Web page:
Press Release - Detail
For release Friday, September 10, 2010
CONTACT: Linda Wilson
Staff Development Coordinator, Public Relations Department
Birmingham Public Library
Phone: (205) 226-3746
Popular Sports Journalist Recalls Idyllic Southern Boyhood in Engaging New Memoir
Program Part of BPL’s Abbreviated Alabama Bound Series
Birmingham, Alabama—Clyde Bolton has long been a dean of the Southern sports writing community. Now this popular columnist focuses his beguiling prose on his boyhood memories in the delightful memoir, Hadacol Days. The title is taken from a high school cheer: “Statham Wildcats on the Ball, They’ve Been Drinking Hadacol.” The Statham in the cheer refers to Statham High School, in Georgia—now as long gone as Hadacol but equally effervescent in the author’s nostalgic but clearheaded look back at what life was like in small Southern towns of the 1940s and 1950s. Bolton will share highlights from his latest release as the Birmingham Public Library (BPL) presents an abbreviated take on its annual Alabama Bound Series. The program is scheduled for 6:30 p.m. on Tuesday, October 5 in the Central Library’s Arrington Auditorium located at in the Linn Henley Building at 2100 Park Place.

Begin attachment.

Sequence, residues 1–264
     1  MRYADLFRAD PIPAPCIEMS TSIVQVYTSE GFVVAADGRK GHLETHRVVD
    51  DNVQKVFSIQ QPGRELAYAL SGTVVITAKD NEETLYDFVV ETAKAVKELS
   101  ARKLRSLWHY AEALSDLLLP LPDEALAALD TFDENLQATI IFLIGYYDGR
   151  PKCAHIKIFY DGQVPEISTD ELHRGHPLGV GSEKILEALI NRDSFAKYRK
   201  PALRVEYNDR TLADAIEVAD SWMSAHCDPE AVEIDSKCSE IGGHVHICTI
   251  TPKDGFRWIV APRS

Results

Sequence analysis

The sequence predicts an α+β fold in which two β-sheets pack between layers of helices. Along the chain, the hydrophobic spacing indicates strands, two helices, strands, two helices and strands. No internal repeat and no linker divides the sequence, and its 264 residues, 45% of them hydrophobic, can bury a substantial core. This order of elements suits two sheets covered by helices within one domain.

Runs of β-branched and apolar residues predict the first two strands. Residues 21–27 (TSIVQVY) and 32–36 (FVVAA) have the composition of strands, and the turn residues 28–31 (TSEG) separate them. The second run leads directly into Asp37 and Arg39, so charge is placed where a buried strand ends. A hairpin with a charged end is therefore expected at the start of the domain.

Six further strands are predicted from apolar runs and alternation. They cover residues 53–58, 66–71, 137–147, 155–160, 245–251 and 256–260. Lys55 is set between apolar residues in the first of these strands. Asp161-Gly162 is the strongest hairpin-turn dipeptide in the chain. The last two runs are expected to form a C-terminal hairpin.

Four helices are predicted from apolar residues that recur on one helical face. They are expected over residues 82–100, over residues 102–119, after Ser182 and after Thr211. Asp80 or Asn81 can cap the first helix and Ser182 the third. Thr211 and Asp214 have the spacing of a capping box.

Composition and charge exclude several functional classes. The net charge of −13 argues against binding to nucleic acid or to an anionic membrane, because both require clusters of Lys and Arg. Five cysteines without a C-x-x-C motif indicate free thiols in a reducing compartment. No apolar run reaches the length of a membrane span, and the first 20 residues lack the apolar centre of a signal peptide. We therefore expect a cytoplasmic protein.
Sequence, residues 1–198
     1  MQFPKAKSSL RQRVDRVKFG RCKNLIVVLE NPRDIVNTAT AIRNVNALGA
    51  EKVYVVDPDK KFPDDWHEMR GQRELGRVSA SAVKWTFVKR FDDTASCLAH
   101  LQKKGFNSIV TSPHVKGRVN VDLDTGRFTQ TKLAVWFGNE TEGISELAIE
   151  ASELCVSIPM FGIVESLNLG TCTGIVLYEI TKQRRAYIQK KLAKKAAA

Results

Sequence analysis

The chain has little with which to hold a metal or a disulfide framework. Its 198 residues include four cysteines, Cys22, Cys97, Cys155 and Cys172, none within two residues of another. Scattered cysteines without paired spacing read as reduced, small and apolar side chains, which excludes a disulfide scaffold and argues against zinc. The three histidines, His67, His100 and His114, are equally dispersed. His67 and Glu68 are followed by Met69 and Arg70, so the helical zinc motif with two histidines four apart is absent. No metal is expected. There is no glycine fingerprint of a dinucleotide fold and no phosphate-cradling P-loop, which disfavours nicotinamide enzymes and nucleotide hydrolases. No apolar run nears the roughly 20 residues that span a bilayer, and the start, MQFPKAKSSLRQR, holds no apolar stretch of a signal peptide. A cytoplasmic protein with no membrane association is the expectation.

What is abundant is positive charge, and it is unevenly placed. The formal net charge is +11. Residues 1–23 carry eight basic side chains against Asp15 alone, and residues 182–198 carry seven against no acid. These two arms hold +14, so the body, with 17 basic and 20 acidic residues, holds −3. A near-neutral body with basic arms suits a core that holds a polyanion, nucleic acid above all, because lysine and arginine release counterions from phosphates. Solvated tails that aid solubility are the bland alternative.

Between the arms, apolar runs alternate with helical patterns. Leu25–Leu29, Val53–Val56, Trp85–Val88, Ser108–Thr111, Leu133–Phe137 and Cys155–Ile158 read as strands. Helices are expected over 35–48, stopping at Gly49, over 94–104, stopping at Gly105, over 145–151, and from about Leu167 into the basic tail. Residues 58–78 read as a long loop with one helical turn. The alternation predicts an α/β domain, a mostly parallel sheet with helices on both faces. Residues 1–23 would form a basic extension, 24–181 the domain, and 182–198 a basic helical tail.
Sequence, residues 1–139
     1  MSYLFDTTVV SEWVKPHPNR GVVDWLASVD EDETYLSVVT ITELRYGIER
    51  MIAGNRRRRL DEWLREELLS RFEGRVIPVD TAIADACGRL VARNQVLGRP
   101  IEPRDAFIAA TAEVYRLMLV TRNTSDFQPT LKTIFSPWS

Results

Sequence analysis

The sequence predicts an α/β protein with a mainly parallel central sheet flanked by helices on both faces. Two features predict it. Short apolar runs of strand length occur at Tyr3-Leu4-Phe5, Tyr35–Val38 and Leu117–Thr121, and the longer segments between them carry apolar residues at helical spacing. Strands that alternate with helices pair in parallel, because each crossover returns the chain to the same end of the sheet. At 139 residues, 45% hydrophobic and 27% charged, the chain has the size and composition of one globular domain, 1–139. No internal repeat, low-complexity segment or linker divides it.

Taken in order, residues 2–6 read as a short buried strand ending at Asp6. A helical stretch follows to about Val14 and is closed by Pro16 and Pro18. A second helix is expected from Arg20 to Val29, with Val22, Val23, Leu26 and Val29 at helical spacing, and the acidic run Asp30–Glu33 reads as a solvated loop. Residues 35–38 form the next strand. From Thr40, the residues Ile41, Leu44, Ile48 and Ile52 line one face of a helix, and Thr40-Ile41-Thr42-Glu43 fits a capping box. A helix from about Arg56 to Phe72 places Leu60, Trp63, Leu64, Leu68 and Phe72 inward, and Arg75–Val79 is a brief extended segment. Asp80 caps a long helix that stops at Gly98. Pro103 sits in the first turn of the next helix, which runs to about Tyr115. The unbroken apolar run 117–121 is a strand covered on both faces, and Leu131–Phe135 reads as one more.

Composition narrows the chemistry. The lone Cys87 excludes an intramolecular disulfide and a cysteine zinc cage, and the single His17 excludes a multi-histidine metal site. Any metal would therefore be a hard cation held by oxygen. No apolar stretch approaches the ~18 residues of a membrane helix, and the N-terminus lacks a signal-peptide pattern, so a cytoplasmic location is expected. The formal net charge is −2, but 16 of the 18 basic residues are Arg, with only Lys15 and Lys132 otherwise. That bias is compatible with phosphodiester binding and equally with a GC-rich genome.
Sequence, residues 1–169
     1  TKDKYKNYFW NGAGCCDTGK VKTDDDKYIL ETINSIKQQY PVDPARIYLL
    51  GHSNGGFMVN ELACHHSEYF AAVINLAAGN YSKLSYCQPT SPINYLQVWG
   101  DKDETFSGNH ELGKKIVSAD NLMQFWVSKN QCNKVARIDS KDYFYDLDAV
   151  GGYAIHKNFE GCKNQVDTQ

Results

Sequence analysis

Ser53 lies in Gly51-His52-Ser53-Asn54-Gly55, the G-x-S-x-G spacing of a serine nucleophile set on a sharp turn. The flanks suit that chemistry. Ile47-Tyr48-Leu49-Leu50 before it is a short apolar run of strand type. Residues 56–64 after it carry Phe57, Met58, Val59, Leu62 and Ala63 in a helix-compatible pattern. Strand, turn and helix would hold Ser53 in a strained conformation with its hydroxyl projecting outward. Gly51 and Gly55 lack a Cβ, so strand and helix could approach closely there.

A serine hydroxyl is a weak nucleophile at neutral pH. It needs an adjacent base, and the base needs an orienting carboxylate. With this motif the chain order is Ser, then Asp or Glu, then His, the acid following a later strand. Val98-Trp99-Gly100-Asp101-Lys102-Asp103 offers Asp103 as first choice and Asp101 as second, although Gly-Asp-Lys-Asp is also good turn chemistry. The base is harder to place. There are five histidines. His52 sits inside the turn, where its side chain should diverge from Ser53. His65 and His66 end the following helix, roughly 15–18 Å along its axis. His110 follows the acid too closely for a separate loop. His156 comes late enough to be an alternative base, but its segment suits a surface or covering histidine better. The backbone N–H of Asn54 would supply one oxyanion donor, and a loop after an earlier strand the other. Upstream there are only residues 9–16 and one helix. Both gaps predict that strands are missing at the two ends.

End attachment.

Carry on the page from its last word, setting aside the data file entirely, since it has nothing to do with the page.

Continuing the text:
Alabama Bound Presents is a series of Alabama author talks and book signings offered free-of-charge by Birmingham Public Library in an effort to bring enriching cultural programs to downtown Birmingham and the city’s neighborhoods. Alabama Bound Presents highlights local and regional authors that reflect the diversity of our community and draw from a wide range of personal experience. Through programs such as these, the library seeks to provide Birmingham citizens of all ages with opportunities for entertainment, ongoing education, and personal growth and an opportunity for local authors to publicize their latest work. This series replaces the one day event, Alabama Bound, previously held in the spring of each year.
Clyde Bolton is the author of six novels and a dozen nonfiction books about football, auto racing and other subjects. When he writes about baseball, you get a tale that recreates the sights, sounds, and smells of the stadium, but attention to detail is focused on the simple activities and pleasures of childhood and adolescence in Statham and other small towns of that time and place—representative of the experiences of a generation of Southern young people in the middle of the twentieth century.
Additional programs are scheduled as part of the Alabama Bound Presents Series. For more information, please visit the BPL Web site at www.bplonline.org or call (205) 226-3742.